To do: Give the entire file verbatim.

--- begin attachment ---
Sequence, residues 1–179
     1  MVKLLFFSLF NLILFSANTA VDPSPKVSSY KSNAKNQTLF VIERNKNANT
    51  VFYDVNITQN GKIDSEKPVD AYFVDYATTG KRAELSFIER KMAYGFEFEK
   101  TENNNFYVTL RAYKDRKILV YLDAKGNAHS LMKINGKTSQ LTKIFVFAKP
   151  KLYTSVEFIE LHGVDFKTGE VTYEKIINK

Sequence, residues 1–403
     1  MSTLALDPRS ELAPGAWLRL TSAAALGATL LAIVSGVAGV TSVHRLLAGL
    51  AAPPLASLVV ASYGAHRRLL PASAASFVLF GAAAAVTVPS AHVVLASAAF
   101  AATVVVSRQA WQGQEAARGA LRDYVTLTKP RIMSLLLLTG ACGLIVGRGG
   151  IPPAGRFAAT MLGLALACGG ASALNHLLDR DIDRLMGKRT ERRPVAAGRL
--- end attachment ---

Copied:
Sequence, residues 1–179
     1  MVKLLFFSLF NLILFSANTA VDPSPKVSSY KSNAKNQTLF VIERNKNANT
    51  VFYDVNITQN GKIDSEKPVD AYFVDYATTG KRAELSFIER KMAYGFEFEK
   101  TENNNFYVTL RAYKDRKILV YLDAKGNAHS LMKINGKTSQ LTKIFVFAKP
   151  KLYTSVEFIE LHGVDFKTGE VTYEKIINK

Sequence, residues 1–403
     1  MSTLALDPRS ELAPGAWLRL TSAAALGATL LAIVSGVAGV TSVHRLLAGL
    51  AAPPLASLVV ASYGAHRRLL PASAASFVLF GAAAAVTVPS AHVVLASAAF
   101  AATVVVSRQA WQGQEAARGA LRDYVTLTKP RIMSLLLLTG ACGLIVGRGG
   151  IPPAGRFAAT MLGLALACGG ASALNHLLDR DIDRLMGKRT ERRPVAAGRL